Idaho lands grant to create school safety tip line

The Idaho Office of School Safety and Security has received $540,000 in federal grants to launch a statewide school safety tip line and other tools.

The U.S. Department of Justice grants resulted from the federal STOP School Violence Act, program manager Brian Armes said.

The Office of School Safety and Security plans to use the grants to launch a confidential, statewide tip line featuring downloadable apps and a web portal.

Brian Armes

“The grants were written for the purpose of putting in a statewide tip line that will be based on phone apps and a web portal for students to report behavior of concern or suspicious activity,” Armes said. “The companion piece, the other grant, will allow us to develop and offer training on a statewide behavioral threat assessment and management protocol.”

The Legislature and Gov. Butch Otter created the Office of School Safety and Security in 2016. Since its inception, the office’s security consultants have visited about two thirds of Idaho’s schools, developing individualized safety and threat assessments for these buildings.

The grants and tip line will allow the office to expand on its services, addressing critical gaps identified in school safety assessments and offering students an easy reporting mechanism.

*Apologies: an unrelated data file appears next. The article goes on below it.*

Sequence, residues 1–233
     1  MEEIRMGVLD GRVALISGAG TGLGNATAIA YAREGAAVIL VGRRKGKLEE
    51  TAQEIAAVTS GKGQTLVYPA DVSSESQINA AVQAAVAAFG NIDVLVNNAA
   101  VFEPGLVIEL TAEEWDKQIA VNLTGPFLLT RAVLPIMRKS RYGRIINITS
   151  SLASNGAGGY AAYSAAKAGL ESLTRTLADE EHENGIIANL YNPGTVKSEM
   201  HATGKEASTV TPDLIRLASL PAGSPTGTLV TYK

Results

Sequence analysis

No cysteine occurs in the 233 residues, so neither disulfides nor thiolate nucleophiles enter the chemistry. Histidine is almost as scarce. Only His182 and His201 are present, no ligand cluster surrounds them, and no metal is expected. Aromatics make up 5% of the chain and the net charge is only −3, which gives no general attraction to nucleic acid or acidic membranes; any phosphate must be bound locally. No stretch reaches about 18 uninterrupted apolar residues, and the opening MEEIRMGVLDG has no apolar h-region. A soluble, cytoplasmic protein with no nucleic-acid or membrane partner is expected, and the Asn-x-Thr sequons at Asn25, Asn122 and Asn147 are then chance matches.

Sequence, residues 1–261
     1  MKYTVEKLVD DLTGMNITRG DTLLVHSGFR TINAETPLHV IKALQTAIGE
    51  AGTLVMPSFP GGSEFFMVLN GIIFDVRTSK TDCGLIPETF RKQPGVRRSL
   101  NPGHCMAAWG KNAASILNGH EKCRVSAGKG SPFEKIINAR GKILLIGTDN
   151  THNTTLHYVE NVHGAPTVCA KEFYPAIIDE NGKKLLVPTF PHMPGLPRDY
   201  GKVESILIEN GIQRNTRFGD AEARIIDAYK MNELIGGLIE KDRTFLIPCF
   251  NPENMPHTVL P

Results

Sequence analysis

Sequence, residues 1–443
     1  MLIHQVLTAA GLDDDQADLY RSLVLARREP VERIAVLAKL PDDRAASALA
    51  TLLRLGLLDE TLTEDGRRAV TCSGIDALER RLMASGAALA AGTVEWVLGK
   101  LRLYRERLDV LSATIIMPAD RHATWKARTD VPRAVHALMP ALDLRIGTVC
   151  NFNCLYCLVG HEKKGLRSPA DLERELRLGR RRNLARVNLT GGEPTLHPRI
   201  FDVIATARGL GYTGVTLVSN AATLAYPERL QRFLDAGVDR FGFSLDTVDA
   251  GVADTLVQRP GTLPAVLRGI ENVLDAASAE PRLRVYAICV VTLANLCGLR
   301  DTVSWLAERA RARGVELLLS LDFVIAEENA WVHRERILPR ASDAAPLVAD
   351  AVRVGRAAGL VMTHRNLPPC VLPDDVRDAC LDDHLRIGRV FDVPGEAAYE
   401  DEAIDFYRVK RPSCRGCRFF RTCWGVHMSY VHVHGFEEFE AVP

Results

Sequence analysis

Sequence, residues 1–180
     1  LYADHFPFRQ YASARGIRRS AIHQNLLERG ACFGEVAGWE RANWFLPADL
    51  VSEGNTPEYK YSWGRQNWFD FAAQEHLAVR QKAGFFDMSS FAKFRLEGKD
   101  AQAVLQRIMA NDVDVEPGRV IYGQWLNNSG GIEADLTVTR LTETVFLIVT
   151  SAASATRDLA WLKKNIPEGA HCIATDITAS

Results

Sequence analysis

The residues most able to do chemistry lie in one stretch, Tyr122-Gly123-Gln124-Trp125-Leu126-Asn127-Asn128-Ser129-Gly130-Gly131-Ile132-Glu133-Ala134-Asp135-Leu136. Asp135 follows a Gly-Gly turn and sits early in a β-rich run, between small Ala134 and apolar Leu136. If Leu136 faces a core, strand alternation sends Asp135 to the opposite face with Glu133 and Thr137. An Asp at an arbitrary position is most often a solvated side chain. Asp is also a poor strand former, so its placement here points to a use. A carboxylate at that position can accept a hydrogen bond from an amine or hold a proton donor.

A timeline of the tip line rollout will be announced in the coming weeks. Armes pledged to work closely with the state’s existing suicide hotline to ensure compatibility and avoid duplication.

He also said he was pleased that Idaho was awarded the grants through the competitive process.

“It’s nice to know Idaho is in the running,” Armes said. “One thing our agency is trying hard to do in these competitive grant situations is go after money that is set aside specifically for schools safety.”

In a budget request released in September, Superintendent of Public Instruction Sherri Ybarra indicated she would seek $200,000 for 2018-19, to establish a school safety tip line. Now that the school safety office has received the grant, Ybarra said she would delete that particular funding request from her budget.

“I’m delighted that the OSSS received its hoped-for federal grant to fund a school safety tip line, which will be an integral part of the state’s efforts to improve safety for students and schools,” Ybarra said in a written statement.

“The tip line was added to our Keep Idaho Students Safe budget proposal as a safety net in case the Department of Justice funding did not come through. We will wholeheartedly support the OSSS-run tip line.”


Clark Corbin

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